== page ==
Bag filters provide cleaner air at plants
Updated: 2013-06-09 06:22
TAIYUAN - Ma Liang was trawling the Internet looking for a bag filter that could be used at the steel plant he works at.
Amid public calls for cleaner air, the Taiyuan Iron and Steel Group Co Ltd in northern China's Shanxi province, which burns coal and coke for energy, is stepping up efforts to reduce particulate discharge.
"I am looking for a filter made of thinner fiber that can reduce particulate emission by half," said Ma, who is head of the pollution control division of the firm.
The company is not alone.
Coal-burning factories, like steel plants, thermal power companies and central heating providers are looking to use bag filters to reduce dust, at a time when air quality has become a big complaint among Chinese citizens.
The bag filters, which come in different sizes and can used in apartments or big factories, allows air to go through it and is cleaned as the filter catches dust.
When carrying out market research, Ma found bag filters, made of a new kind of material, which sell roughly the same as the old ones. "The material also allows better air permeability, so we do not have to change fans," Ma said.
"So the overall cost will not increase," he said, adding that price is an important factor when it comes to environmental protection as the Chinese steel industry is generally suffering from over-supply and weak demand.
Air quality is a big challenge in China. Heavy smog affected 800 million people at the beginning of the year. In summer, humid weather makes dust and smoke in the air difficult to disperse.
Automobile exhausts, industrial emissions, coal-fired heating, as well as dust from construction sites are to blame for the country's smog, according to a number of experts, including Wang Yuesi, a researcher with the Chinese Academy of Sciences.
Drivers have been discouraged in using automobiles but it is difficult as many do not want to sacrifice convenience and the air quality will not be improved if just a few Chinese people do so.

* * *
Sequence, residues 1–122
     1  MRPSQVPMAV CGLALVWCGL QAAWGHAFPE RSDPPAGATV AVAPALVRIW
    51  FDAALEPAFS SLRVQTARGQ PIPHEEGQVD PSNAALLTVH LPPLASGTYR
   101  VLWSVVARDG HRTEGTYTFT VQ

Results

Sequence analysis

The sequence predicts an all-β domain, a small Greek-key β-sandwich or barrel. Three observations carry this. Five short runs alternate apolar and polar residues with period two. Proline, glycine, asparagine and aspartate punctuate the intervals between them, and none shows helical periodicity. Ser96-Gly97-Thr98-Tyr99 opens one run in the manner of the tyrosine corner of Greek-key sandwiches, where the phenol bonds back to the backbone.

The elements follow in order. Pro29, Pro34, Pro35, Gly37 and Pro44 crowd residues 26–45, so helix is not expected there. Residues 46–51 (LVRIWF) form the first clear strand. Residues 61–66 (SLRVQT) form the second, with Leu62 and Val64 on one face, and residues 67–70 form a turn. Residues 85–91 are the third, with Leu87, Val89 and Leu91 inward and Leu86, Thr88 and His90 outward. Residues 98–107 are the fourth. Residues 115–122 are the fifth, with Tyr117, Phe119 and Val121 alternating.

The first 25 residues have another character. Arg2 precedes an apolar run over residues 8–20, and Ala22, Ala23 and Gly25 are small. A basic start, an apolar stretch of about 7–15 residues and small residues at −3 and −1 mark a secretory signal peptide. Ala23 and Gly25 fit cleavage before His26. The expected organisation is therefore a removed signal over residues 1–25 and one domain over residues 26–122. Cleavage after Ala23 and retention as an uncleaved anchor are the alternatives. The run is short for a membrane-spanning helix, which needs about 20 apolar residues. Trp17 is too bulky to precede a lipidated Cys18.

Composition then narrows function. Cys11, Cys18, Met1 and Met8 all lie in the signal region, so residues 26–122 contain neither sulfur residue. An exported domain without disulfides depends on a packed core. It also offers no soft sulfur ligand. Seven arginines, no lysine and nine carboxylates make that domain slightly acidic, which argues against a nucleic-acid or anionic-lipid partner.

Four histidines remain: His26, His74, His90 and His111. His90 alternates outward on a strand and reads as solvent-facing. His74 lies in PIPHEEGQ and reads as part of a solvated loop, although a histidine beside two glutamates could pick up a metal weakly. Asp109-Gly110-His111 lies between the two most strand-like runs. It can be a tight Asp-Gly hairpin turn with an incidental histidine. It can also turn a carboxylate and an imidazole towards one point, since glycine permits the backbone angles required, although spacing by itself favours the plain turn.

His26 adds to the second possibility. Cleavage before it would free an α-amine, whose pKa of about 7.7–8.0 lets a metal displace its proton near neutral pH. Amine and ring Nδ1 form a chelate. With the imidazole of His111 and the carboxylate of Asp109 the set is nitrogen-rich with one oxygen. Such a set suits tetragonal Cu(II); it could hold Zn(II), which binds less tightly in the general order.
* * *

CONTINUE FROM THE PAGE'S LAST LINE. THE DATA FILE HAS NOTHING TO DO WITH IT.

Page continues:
Dust from construction sites will not decrease either given that the country is at a stage of fast urbanization, accompanied by building new apartment blocks, subways and other large projects.
China is making more efforts in cutting emission from factories through launching tougher industrial standards throughout the year. Plants now use both bag filters and electrostatic precipitators to reduce particulate discharge. Bag filters are encouraged in the new standards for better performance.
Industry figures showed that 90 percent of thermal power units with generating capacity of 800 million kw or higher in China are installed with electrostatic precipitators, according to a report of Minsheng Securities.
If all these units were added with bag filters, it would cost about 50 yuan ($8.15) for upgrading each kilowatt of generating capacity. That translates into a potential market of 36 billion yuan, said the report.
Located within the city of Taiyuan and close to densely-populated areas, Taiyuan Iron and Steel Group is taking the lead in using bag filters to reduce dust.
Ma said once the new bag filters are in place, the company will cut particulate emission from 20 mg for every cubic meter to 10 mg.
More companies in the country are installing bag filters.
In Xilian Heating Company in northwest China's Xi'an, iron boxes with bag filters inside are installed on coal-fired boilers.
The old filtering facility on the boiler can reduce particulate emission to 80 mg for every cubic meter. With the new box, emission can be cut down to 30 mg, according to the company.
The Xi'an Environmental Protection Bureau is encouraging technological upgrade at local heating companies and expects more bag filters to be installed before winter.